Consumer's surplus

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1.(Polit. econ.) The excess that a purchaser would be willing to pay for a commodity over that he does pay, rather than go without the commodity; - called also consumer's rent.
The price which a person pays for a thing can never exceed, and seldom comes up to, that which he would be willing to pay rather than go without it. . . . The excess of the price which he would be willing to pay rather than go without it, over that which he actually does pay, is the economic measure of this surplus satisfaction. It has some analogies to a rent; but is perhaps best called simply consumer's surplus.
- Alfred Marshall.
Webster's Revised Unabridged Dictionary, published 1913 by G. & C. Merriam Co.
References in periodicals archive ?
The difference between the WTP and the actual price is the "consumer's surplus".
Mishan wrote, "The consumer's surplus is the most crucial concept in the measurement of social benefits in any social cost-benefit calculation." The normative significance of consumer surplus comes from it being entirely based on individual preferences--that is, on each individual evaluating what is good or bad for himself.
See Robert Willig, Consumer's Surplus Without Apology: Reply," 69 Am.
Bailey's consumer's surplus formulae are derived and used to compute the welfare cost of inflation for both semi-log and log-log money demand functions.
Willig's famous article, "Consumer's Surplus Without Apology" (Willig 1976), which defends the use of Marshallian surplus as a value measure of market welfare.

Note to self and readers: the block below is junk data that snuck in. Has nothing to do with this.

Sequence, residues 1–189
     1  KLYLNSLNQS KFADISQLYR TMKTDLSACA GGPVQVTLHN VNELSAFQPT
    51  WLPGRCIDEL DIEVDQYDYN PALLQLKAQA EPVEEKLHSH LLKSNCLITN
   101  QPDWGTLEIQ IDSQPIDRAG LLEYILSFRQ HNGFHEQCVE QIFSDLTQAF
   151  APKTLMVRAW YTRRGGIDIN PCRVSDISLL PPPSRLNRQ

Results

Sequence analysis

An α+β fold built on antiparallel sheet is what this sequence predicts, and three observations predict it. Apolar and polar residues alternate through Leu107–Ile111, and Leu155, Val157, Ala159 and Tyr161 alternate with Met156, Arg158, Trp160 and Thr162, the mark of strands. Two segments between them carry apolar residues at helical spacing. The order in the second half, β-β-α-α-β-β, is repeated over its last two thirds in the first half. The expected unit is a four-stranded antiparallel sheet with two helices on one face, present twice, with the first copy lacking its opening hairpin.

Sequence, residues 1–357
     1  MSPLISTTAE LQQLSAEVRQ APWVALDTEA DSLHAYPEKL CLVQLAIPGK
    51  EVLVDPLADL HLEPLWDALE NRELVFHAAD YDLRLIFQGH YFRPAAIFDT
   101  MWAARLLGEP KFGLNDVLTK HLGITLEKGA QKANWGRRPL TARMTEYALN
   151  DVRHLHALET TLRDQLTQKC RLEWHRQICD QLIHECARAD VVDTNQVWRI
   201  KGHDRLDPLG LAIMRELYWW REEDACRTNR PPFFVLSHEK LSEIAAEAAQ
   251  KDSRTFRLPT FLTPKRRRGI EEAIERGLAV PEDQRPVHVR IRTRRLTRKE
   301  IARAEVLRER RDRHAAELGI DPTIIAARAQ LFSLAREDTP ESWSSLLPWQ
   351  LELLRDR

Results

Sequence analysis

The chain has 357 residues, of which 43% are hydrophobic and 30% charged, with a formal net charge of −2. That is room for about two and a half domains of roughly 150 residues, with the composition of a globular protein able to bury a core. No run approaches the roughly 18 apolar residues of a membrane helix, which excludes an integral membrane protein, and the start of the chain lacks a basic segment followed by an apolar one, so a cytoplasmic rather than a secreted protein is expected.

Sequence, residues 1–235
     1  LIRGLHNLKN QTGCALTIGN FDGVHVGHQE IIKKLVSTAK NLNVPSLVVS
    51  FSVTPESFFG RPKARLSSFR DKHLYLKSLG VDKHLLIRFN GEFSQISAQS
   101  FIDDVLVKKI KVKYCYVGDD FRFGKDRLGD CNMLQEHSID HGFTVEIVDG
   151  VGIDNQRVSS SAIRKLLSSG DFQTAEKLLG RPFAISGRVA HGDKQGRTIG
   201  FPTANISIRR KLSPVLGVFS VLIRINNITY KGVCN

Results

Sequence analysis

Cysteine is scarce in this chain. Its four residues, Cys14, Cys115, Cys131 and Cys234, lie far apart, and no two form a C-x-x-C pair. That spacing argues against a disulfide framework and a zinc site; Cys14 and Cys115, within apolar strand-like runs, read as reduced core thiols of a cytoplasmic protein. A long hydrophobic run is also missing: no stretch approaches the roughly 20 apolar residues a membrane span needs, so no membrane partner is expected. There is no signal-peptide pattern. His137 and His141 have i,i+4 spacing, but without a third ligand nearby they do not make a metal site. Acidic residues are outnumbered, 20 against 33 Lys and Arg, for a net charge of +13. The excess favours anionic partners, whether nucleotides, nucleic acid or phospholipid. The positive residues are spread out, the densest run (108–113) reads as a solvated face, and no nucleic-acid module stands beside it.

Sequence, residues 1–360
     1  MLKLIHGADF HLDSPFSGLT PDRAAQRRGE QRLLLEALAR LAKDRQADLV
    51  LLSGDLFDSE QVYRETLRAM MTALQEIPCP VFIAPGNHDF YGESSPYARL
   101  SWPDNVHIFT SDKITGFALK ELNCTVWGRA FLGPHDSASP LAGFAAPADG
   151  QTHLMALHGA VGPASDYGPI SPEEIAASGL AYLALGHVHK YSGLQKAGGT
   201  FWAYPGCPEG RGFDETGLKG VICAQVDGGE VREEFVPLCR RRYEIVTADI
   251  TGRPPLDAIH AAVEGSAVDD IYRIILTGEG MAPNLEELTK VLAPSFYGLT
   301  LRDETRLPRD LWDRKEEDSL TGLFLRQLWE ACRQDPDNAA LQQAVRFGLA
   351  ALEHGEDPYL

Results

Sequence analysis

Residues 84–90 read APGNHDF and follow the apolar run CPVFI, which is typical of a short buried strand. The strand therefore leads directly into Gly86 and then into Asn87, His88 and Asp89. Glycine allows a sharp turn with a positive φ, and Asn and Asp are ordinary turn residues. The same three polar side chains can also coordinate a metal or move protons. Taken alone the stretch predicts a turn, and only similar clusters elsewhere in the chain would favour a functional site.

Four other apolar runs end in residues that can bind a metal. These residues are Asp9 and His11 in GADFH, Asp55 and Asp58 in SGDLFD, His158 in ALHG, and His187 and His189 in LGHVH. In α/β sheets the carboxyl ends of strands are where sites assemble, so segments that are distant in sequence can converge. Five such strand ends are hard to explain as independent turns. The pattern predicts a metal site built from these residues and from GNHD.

It can be argued that besides any subjective dimension the individual must pay from the same amount c, and then the opportunity cost exists no matter how large or small is the consumer's surplus. Once more we must say that the formal relation (3) is not enough in order to understand the context.
(1976): "Consumer's Surplus Without Apology", in American Economic Review, Volume 66 (no.
consumer surplus range from which any given consumer's surplus
By considering the comparison of consumer's surplus and firm's profit, we derive the interesting result that both consumers and the firm will prefer discriminatory pricing if the consumers prefer to consume more differentiated varieties.
"Consumer's Surplus Without Apology." American Economic Review 66 (Sept.): 589-97.
At this critical value of c, the case 3 region consists of the two points ([k.sub.1], [k.sub.2]) = (.432, 2.315) and ([k.sub.1], [k.sub.2]) = (2.315, .432).(16) With these demand parameter values, the consumer's surplus at [p.sup.*] = 0 for the two consumers are equal.
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